CHROs’ Role in Ensuring the Success of CEOs Appears to Be Growing

By Bill Leonard Oct 9, 2014

A key to success for chief executive officers (CEOs) may be the skill sets and knowledge possessed by their organizations’ chief human resource officers (CHROs), recent research has revealed. Several studies have found that a growing number of CEOs and boards of directors are handing more responsibility to CHROs and expecting them to provide insight and counsel in key areas, such as organizational talent needs, leadership development and workforce capabilities.

“CEOs and boards are asking CHROs to take on more bottom line responsibility,” concluded the 2013 CHRO Pulse Survey, published by Korn Ferry International. “CHROs are focused on tying HR initiatives to the broader business strategy; they must also be acutely attuned to what their companies’ CEOs and boards expect.”

The pulse survey revealed that CHROs believe their largest impact on the bottom line can be made through building organizational talent and leadership capabilities. Other research has confirmed that an increasing number of senior-level managers and board directors agree with CHROs and now consider talent development to be a critical business strategy and a top challenge their organizations face. Studies completed in 2014 by the Korn Ferry Institute examined the value of developing concrete succession plans for an organization’s senior leadership and the strong correlations between learning agility and leadership development.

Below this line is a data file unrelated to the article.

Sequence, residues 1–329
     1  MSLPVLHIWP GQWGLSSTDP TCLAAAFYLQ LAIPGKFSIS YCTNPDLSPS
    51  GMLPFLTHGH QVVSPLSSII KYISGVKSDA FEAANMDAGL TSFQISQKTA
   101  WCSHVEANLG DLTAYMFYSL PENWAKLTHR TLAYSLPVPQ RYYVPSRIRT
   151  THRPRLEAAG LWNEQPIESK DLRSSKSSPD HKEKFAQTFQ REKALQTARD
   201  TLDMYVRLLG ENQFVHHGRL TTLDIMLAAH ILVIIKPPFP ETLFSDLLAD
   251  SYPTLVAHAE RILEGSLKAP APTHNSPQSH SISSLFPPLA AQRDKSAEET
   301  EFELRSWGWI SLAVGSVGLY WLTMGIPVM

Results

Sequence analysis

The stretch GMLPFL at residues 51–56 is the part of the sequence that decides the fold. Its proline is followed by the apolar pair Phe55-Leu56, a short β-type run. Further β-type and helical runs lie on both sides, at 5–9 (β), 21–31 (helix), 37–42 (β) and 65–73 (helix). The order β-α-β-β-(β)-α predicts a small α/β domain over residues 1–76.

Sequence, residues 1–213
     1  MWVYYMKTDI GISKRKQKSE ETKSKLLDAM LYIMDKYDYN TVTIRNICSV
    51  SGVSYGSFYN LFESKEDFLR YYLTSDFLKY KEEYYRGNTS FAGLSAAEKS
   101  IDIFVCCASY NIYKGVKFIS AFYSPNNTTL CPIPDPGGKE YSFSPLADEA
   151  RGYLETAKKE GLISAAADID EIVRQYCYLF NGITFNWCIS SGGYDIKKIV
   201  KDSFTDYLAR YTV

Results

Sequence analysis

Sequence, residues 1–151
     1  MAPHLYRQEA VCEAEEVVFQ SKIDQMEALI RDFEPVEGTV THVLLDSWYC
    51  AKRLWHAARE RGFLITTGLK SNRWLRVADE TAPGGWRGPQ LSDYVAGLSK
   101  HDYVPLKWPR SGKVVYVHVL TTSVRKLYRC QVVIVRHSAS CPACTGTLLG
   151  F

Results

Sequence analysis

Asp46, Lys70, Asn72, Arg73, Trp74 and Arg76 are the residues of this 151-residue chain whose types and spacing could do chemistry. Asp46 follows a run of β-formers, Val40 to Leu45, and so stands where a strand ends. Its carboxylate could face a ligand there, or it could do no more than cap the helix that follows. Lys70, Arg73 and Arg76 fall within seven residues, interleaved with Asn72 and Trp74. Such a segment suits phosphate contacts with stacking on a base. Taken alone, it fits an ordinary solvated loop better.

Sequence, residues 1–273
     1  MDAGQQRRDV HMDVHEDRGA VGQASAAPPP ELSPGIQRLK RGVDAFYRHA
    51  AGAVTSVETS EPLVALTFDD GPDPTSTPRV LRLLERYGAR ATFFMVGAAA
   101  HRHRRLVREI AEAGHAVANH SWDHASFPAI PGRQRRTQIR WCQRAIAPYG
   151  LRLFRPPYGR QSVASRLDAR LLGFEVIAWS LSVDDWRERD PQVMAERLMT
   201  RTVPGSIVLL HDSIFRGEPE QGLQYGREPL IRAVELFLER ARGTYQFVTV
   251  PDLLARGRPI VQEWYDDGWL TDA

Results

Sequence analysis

An Evolutionary Process

This corporate focus on talent management and leadership development didn’t just suddenly occur,” said Richard Antoine, president of the National Academy of Human Resources and co-author of The Chief HR Officer: Defining the New Role of Human Resource Leaders (Jossey-Bass, 2011). “Instead, I would call the emphasis on talent management an evolution. Several years ago, just some CEOs focused on it, but that has continued to grow and include more and more. It’s really not something that just changed overnight.”